Kenickie: Anybody want a ride?

Chorus: Lightnin (actors hold long final note as car drives off SL and music plays) LX Q114, SPOTS, PYROS AND FLY Q12 (on MD cut off) The last cue is for the change between scenes. This is what happens when each of these cues happen. LX Q114 goes to DBO, SPOTS go off, PYROS go off DS, FLY Q12 brings in mid-stage sky cloth for next scene.

Key DSM LX Q SPOTS PYRO FLY MD Downbeat Upbeat SL Cut off DBO DS

Deputy Stage Manager Lighting Cue Followspot Big indoor fireworks Item of scenery suspended above the stage Musical Director When the MD moves his conducting baton vertically down to show the first beat in a bar When the MD moves his conducting baton vertically up to show the beat before the first beat in a bar Stage Left When the MD signals in one gesture for the musicians to stop playing at the same time Dead Black Out Down Stage
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Backstage Pass
Set Design Activity
Curriculum Links: Art and Design, BTEC Performing Arts/Technical Theatre/Set Design. Level: KS3, KS4, BTEC

Gather research about the look of the 1950s from books, the internet or resources supplied by your teacher and start to make a scrapbook of shapes, colours and items of set (e.g. cars, furniture, decorations for the school dance). Think about the size and shape of the stage you will use, for example if it is the school stage, measure it so that your drawings are to scale. Theatre models are normally done on a scale of 1:25. Choose a particular scene from Grease and create a drawing which is a birds eye view, showing the shape of the stage and where items of set are placed. Now think about the background - how will you design a backdrop that will suit the other visual elements on stage? Create you own model box by turning a shoe box on its side and painting or lining it in black. Then make a scaled down set to fit inside, using the same shapes and colours you would choose if it were full scale.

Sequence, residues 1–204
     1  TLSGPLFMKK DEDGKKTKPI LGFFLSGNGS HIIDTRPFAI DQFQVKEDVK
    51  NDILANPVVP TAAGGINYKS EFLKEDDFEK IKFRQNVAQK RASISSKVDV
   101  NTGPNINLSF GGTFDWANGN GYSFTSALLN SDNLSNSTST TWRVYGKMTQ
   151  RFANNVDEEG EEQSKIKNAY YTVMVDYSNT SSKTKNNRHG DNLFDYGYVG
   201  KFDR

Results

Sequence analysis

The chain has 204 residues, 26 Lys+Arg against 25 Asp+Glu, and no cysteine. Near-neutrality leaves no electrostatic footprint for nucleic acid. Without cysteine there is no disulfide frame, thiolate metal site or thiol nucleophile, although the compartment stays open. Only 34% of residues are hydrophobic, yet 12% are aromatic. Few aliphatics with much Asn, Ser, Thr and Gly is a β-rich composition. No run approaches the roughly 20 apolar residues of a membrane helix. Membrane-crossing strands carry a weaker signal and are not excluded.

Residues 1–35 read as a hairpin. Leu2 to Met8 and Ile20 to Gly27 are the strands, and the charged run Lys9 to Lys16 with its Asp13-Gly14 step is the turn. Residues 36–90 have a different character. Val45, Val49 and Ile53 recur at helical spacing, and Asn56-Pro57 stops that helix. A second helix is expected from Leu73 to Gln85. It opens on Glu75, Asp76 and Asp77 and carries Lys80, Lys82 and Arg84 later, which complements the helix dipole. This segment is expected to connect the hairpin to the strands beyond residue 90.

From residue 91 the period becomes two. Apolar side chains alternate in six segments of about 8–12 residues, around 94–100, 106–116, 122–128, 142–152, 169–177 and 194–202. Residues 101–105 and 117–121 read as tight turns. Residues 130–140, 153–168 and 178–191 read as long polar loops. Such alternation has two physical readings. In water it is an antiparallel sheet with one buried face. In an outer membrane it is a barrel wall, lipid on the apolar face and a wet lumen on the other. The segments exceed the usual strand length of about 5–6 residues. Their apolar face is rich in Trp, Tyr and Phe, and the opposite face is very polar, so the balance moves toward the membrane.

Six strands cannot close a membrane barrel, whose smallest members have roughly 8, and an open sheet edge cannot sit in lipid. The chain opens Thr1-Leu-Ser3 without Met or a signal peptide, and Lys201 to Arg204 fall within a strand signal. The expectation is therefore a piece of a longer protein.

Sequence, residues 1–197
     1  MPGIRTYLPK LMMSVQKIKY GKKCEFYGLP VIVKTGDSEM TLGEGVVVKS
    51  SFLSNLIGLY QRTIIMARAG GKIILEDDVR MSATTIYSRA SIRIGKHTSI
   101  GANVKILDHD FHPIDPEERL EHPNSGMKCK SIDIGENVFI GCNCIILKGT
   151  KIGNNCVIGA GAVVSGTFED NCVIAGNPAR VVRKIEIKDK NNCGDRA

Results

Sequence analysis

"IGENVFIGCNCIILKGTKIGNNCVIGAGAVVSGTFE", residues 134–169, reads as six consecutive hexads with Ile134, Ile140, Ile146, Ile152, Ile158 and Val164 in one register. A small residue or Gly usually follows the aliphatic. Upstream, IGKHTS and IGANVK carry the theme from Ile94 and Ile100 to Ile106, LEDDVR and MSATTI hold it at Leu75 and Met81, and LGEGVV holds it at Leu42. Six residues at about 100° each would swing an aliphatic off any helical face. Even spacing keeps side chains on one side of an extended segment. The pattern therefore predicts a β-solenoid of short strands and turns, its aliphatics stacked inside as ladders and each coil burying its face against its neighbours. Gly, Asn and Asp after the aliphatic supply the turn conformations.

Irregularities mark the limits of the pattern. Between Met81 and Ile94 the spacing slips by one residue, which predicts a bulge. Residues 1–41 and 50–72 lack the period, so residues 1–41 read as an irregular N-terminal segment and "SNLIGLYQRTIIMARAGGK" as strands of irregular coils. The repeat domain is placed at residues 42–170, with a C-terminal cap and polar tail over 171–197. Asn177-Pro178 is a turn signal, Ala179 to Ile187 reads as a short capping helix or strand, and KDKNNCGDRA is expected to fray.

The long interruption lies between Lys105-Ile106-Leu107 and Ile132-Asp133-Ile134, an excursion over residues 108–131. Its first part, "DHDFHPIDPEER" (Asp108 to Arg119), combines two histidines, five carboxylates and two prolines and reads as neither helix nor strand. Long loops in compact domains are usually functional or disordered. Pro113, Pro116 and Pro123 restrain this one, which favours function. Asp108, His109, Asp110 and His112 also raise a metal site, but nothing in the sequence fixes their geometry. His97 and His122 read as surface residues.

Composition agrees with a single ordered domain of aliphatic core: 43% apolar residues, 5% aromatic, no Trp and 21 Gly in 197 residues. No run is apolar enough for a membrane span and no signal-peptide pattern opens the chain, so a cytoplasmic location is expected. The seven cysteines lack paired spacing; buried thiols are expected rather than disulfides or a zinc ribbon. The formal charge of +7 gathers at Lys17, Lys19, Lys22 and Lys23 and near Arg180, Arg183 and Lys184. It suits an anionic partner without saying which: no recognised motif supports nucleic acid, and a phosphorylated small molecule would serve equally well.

Doodle pad for set design ideas

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Follow Up Activities
Write Your Own Teenage Love Song even if youre not a musician
Curriculum Links: GCSE/GNVQ/BTEC Music, Performing Arts Where to begin Start by listening to love songs that you like - what is it about them that rings true? What is the structure of the story they tell? Grease is like a long extended love song; boy meets girl but then boy messes it up by trying to be cool, girls heart is almost broken but in the end girl makes boy see that shes worth it, and they fall in love all over again. There is a happy beginning, a middle where it all goes wrong and a happy ending. Of course your song might not have a happy ending - thats up to you. What do you want to tell the world about how it feels to be a teenager in love? The Title Some song writers begin with the title or a phrase that sticks in their mind and demands to be written about. Start keeping a notebook: all good writers, whether they are lyricists, poets, novelists or playwrights, keep a notebook and pen with them at all times. In the back of your book write down any interesting phrases you hear or see, look in the newspapers and listen to people on the bus. Look through your list and see if there is one that stands out. Ask yourself some questions about your title - the answers will be the lines of your verses. Heres an example: Youre the one that I want Why? Cause I need a man How do you feel about that? I got chills theyre multiplyin If your song is a duet like this one, then you need to think about the conversation the two people are